2016 ROBERT P. BERGMAN PRIZE
Growing up in the Mt. Pleasant neighborhood of Cleveland, Dee Perry’s family owned a TV like everyone else. But the student at Charles Dickens Elementary School, Alexander Hamilton Junior High, and then John F. Kennedy High School treasured lying on the floor next to the radio, absorbing the stories and dramas delivered over the airwaves.
“The disc jockeys seemed like personal friends, and there was a community connection that I didn’t get from early TV,” recalls the host of “The Sound of Applause” on WCPN. “So that’s what became engrained in my DNA.”
Working as a firefighter and a nurse, respectively, her stepfather, a veteran of the legendary Tuskegee Airmen, enjoyed painting watercolors, and her mother loved to sing and took painting and drawing classes at Karamu House in their precious free time. They also fostered a love of reading in Dee, which enabled her to imagine herself pursuing many artistic endeavors as an adult.
After spending five years in New York, Dee enrolled at Cleveland State University, where the late Chris Colombi taught her to appreciate a music she thought she hated: jazz. When she graduated in 1981, she leveraged her radio leanings and newfound music appreciation with her BA in Communications to land a gig as a daytime jazz host on WABQ AM in Cleveland.
Desiring to do more than just spin records back-to-back, she occasionally brought in poets, writers and musicians to interview on-air. “My very first job taught me how to put a show together, find information about artists, and tell stories about them,” she says.
From there, she moved on to WZAK, which sent her to a radio station they acquired in Atlanta for a few years. In 1989, Dee came home, needing something new to rekindle her ardor for radio. That soon arrived in the form of WCPN 90.3 FM, Cleveland’s public radio station. Hired as an early morning host to do news and traffic, Dee quickly moved into hosting mid-day and weekend jazz programs.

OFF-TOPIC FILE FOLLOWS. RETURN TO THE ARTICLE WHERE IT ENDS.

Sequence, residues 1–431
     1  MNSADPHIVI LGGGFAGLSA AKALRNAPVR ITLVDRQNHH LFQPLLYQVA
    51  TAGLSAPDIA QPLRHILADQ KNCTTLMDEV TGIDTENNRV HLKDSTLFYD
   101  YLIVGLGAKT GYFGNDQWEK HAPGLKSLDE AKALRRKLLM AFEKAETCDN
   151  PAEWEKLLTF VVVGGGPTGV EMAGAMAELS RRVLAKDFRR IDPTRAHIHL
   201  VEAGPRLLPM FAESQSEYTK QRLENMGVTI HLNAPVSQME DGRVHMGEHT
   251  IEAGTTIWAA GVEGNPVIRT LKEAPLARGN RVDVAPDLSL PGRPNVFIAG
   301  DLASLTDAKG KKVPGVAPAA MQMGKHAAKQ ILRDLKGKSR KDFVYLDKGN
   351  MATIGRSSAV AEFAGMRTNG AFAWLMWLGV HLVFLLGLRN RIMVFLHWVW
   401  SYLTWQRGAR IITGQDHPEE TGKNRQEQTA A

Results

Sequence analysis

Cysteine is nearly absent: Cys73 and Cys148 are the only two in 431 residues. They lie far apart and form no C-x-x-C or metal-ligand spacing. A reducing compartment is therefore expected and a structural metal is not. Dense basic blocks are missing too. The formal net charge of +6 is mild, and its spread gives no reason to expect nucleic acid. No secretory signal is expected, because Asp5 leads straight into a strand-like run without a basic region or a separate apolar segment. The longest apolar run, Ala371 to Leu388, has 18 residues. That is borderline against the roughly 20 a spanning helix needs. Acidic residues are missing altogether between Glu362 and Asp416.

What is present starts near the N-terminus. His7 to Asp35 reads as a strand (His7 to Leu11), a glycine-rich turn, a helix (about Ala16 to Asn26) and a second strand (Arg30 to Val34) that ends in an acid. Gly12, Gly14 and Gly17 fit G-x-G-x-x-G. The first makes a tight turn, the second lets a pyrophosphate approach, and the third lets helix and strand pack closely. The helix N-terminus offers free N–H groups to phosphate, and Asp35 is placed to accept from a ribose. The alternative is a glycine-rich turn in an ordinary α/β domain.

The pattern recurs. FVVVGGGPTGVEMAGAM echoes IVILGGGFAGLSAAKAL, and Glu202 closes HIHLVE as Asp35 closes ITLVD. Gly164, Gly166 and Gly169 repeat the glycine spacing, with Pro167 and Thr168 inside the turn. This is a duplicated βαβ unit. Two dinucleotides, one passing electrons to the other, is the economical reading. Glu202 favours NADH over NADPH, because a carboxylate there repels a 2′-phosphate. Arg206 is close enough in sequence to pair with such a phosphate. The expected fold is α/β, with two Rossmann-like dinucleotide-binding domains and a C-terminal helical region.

Then, Kit Jensen, Chief Operating Officer, asked her to take on a weekday talk show called “Around Noon” in December 1996. Dee spent the next 20 years forging her position as a Cleveland broadcasting icon. The show continued to evolve as the city’s premier arts, culture and entertainment forum. Currently, she hosts and produces 90.3’s two hour daily magazine talk show, Here and Now featuring The Sound of Applause, which combines arts, culture, news, and current events. In 2001, again at Jensen’s behest, Dee took over as host and producer of Applause, WVIZ/PBS’ half-hour weekly television series also devoted to arts and culture.
“It’s been a learning process over the last 20 years of just how much was going on in the community and how many talented, creative people we have here,” Dee says. “The more I discovered people, the more excited I got about who’s the next fascinating person we can feature?”
And let’s talk about that trademark voice, that mellifluous sound that engages and comforts listeners, and that her co-producer, Dave DeOreo considers “one of the best voices in radio.” She’s had it since fifth grade, but she didn’t consider it an asset because, well, it was her mother’s voice. So similar was their sound that on the phone they often confused each other’s friends.
All these years later, though, after learning to inflect range, drama and theatricality, Dee realized the power her voice carries. “I knew I could change the way people heard or understood something,” she says. “So I have to use this tool for good in the community.”
“The personality that you spend your time with on the air is the same person that I spend time with putting the show together.” DeOreo reveals of the affable on-air broadcaster, who also is known for her in-depth research about her subjects. “Her personality really shines through.”
Having interviewed more than 10,000 people for the past two decades, including one of her favorites, the late Robert Bergman, Dee has decided it’s time to put down the headphones in August. But she promises she will still do special projects for ideastream, and we’ll be seeing more of her artwork in writing, preferably for the theater, and her beloved photography.
“Pretty much all of the arts that I’ve ever talked about on the radio I want to try at least once,” she says. “So for me the next phase is to continue talking about art, but also to make time to make it.”